The Sunday Times Scotland, as we know it, is gone. The section I edited, Ecosse, was launched in 1995. I wrote the cover of the first edition. It was a re-imagining of Scotland had the Jacobites won the Battle of Culloden. As I recall, Sean Connery was President because we were independent and - for reasons no longer clear - Michael Forsyth had ended up Prime Minister.
Ecosse gave all its staff the opportunity to write at length on matters close to home. In those early days I conducted a cover interview with the late Donald Dewar in which he confessed to never having owned a coat. We went to an Indian restaurant called the Killermount Polo Club which I imagined was his local but he said he found "a bit too expensive". He kindly offered a lift into town afterwards in his very modest car. Donald died within a few years and his will showed him to be wealthy man. He was not so much "canny" as completely lacking in materialism.
I will always be grateful to The Sunday Times for giving me space to write columns that were pro-independence. I could cast a critical eye on the country, but always with the presumption that we'd be better off outside The Union. My work has covered everything from the cultural ubiquity of the Playboy bunny to the merits of education in the great outdoors. The Sunday Times style demands clear, direct writing. It loves wit and despites waffle. Self indulgent digressions and purple patches just wouldn't make the paper. The discipline of these restrictions helped me me develop as a writer from the day I joined in 1995. That's why I was happy to return in 2006 after spending five years as deputy editor of The Herald. The team of writers at Ecosse - Gillian Harris, Gillian Bowditch, Allan Brown, Anna Burnside and Rachel Devine made the job of editing a pleasure. So did working with photographers like Stuart Wallace whose picture features here.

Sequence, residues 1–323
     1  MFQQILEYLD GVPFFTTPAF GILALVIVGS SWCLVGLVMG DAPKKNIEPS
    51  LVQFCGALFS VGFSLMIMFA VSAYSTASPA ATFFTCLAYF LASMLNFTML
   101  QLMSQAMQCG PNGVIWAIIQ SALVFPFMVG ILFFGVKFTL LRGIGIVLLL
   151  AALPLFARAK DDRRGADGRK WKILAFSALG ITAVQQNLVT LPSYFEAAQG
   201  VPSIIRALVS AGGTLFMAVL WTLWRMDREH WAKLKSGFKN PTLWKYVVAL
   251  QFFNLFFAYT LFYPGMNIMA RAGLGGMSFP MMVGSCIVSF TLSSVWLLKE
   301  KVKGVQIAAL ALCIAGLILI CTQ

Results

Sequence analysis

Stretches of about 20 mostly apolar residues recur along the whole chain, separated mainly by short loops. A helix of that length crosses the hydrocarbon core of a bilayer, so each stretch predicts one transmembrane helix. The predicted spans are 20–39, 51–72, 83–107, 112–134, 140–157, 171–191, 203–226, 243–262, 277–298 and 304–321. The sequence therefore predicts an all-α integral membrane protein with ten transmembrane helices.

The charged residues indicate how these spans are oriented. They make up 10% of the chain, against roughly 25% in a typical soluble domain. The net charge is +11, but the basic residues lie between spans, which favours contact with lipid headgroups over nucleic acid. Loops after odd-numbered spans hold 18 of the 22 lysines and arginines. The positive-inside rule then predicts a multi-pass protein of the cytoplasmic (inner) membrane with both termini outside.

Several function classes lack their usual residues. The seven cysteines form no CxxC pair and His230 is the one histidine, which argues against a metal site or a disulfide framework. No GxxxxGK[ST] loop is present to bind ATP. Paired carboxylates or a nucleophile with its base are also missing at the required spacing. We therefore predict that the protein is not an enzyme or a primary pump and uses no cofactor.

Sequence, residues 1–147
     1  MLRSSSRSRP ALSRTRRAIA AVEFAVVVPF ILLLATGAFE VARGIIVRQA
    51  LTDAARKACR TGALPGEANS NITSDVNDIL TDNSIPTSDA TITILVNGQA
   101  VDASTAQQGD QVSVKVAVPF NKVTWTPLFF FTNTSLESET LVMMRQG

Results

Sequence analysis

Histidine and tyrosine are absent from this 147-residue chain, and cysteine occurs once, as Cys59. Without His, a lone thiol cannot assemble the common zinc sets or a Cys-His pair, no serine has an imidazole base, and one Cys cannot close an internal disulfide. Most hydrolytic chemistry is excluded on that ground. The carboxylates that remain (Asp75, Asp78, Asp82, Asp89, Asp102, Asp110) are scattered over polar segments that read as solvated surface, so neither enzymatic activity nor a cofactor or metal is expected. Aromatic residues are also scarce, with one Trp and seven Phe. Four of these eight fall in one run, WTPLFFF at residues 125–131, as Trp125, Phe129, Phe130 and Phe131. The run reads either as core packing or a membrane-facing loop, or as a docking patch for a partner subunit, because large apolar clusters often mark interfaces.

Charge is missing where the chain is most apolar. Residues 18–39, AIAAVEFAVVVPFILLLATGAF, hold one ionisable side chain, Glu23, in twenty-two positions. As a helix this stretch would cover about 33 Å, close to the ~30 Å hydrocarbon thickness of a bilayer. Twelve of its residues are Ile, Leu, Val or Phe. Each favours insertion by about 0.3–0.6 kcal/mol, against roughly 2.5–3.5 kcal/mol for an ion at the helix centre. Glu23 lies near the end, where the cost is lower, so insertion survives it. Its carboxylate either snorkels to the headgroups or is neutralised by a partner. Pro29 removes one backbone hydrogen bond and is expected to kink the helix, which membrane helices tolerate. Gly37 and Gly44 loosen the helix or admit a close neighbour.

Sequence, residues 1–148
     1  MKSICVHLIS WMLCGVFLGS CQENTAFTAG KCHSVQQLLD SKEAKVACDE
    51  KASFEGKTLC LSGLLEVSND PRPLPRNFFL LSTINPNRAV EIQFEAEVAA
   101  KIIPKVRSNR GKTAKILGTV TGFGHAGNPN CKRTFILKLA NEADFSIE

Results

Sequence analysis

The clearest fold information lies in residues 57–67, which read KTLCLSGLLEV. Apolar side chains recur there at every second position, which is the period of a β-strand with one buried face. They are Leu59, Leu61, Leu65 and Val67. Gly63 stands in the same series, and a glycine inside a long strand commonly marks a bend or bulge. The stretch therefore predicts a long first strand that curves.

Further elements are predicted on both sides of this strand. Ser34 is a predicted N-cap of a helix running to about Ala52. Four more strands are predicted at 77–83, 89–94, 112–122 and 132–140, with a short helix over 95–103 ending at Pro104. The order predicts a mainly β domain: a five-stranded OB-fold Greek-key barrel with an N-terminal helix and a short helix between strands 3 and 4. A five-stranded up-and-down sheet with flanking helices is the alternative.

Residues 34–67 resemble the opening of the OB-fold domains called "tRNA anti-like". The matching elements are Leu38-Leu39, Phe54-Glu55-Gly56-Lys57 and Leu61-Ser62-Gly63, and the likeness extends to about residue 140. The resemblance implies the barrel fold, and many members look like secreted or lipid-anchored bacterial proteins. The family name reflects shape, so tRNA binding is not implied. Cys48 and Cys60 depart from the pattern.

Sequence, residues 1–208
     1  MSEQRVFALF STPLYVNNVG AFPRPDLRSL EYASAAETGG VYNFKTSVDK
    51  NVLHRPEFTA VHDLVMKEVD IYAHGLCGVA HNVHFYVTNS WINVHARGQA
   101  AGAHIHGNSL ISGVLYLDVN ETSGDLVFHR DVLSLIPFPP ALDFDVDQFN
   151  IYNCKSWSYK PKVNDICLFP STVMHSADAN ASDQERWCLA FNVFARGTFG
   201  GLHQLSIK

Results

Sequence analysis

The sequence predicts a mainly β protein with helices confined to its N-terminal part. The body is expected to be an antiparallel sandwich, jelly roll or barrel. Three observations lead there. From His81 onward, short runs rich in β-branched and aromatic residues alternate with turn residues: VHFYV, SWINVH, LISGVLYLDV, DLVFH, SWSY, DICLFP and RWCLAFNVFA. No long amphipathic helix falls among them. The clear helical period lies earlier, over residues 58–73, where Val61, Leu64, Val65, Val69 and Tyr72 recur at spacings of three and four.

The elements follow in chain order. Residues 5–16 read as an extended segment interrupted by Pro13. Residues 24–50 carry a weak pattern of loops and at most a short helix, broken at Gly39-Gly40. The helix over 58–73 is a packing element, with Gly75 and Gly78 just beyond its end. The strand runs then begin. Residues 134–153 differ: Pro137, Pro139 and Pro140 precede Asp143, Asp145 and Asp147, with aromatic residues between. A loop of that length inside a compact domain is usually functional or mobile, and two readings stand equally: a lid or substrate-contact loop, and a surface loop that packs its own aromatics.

Finding out you are about to lose your job - on the first day of the Conservative Liberal government - has a black humour about it. The "continuing economic uncertainty" was quoted as the reason. Given that we were market leader in Scotland, that gives you an idea of how bad things are. But nobody working in the newspaper industry expects a job for life and such events bring opportunities we might have considered too risky with the safety net of an annual salary.
The last few weeks were pressured - hence the sporadic nature of this blog. That will change, and Go Lassie Go will soon go even further. I have not abandoned the paper media either and you will see my by-line again very soon.
PS If you want the LAST EVER Sunday Times Scotland featuring Ecosse you will need to BUY it. The online version has not been put up today. I would recommend highly that you do. There's a great piece by Stuart Cosgrove on why it's okay not to support England, an interview with Louise Welsh by Gillian Bowditch, Rachel Devine on the new album by McFall's Chamber, Anna Burnside on the launch of Glitterball to help Cancer Research and me on the Alcohol Bill.